Time and again I am being asked why we do not have more German language articles in our publication, and time and again I answer: "Because I am so very proud of the many German contributions to our Canadian society that I want to share our accomplishments and our successes with other Canadians.
It is a fact that we, the German Canadians, know who we are, what we have contributed, what we have done in the past and are doing now. But it is not certain that other people out there know this. What they hear is often historical rehash designed to make bad sentiments of old linger unnecessarily.
It is human nature to listen to what others say and then to repeat it thoughtlessly without consideration to the actual facts or without personal knowledge about that subject. People listen, they do not necessarily look and then decide for themselves what is right and wrong. Thus people of German origin occasionally have to put up with public opinions on how we still have to polish our image, still so tarnished from our inglorious past.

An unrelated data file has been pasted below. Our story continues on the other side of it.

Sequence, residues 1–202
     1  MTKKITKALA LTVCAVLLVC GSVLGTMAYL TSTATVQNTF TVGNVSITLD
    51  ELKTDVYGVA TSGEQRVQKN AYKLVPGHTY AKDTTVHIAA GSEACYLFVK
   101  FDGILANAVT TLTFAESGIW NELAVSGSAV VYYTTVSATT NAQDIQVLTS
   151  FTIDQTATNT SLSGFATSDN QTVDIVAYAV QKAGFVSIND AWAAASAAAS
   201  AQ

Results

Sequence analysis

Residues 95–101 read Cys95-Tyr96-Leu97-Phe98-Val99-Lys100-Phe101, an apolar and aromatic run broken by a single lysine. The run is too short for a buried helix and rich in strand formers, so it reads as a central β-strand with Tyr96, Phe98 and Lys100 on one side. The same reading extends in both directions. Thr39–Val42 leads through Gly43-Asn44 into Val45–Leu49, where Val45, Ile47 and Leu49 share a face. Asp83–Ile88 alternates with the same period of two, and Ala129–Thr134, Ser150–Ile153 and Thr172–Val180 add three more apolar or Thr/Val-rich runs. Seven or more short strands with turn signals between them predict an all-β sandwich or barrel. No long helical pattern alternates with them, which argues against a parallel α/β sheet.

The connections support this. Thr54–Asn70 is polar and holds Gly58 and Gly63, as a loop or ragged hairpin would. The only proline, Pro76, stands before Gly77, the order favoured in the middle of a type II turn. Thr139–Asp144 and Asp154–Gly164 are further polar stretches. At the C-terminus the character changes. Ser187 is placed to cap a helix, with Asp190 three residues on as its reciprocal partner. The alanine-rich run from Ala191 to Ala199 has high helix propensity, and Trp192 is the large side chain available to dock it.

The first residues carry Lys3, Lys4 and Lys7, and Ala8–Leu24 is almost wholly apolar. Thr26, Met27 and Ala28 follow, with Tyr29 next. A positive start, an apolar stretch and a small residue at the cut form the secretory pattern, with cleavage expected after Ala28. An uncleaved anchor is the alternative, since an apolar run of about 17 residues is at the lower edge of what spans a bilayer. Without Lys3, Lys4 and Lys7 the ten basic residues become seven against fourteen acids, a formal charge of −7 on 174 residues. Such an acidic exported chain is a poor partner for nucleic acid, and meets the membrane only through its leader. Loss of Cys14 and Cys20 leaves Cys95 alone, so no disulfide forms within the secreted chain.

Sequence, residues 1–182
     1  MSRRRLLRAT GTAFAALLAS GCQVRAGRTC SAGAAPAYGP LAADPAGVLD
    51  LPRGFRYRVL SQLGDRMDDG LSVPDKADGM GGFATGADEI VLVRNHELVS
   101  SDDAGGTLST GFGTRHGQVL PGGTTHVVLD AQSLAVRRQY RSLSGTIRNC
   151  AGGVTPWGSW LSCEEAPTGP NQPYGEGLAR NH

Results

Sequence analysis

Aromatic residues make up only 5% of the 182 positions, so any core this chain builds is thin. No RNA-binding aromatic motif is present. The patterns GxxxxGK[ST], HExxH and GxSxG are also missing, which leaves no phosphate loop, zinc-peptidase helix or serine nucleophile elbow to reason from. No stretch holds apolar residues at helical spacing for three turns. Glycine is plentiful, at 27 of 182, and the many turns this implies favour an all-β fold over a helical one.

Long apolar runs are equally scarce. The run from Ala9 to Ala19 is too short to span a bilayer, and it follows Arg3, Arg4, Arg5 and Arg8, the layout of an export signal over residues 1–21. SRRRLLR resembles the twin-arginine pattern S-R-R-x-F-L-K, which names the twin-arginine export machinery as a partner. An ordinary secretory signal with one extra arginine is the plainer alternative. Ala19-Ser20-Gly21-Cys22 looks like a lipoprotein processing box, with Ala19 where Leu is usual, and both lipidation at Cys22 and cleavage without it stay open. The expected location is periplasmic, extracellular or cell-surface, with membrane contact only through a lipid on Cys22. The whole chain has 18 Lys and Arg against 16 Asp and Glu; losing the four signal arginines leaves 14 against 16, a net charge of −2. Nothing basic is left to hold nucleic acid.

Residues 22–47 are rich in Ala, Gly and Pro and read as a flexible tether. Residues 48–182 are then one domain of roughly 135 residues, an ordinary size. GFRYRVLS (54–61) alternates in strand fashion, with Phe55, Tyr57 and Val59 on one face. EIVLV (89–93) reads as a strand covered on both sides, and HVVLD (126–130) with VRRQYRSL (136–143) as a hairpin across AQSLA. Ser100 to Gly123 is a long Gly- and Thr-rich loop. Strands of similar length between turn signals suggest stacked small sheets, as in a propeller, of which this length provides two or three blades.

What about our glorious past, and our glorious future, and our equally glorious present? People of German language background still make for the 3rd largest ethnic group in Canada. Judging by held down information in schools and elsewhere about German participation/contribution in the forging of this nation, or the reflections of our culture in the general cultural landscape, this figure still comes as a surprise.
In the art scene German contributions are quietly accepted, even when Wagner is being performed. It was not too long ago that we would not have been able to have the Canadian Opera Company perform a Wagner opera without major protest from certain quarters; and now we are having an entire Ring Cycle to open the newest and likely one of the best opera buildings in the world!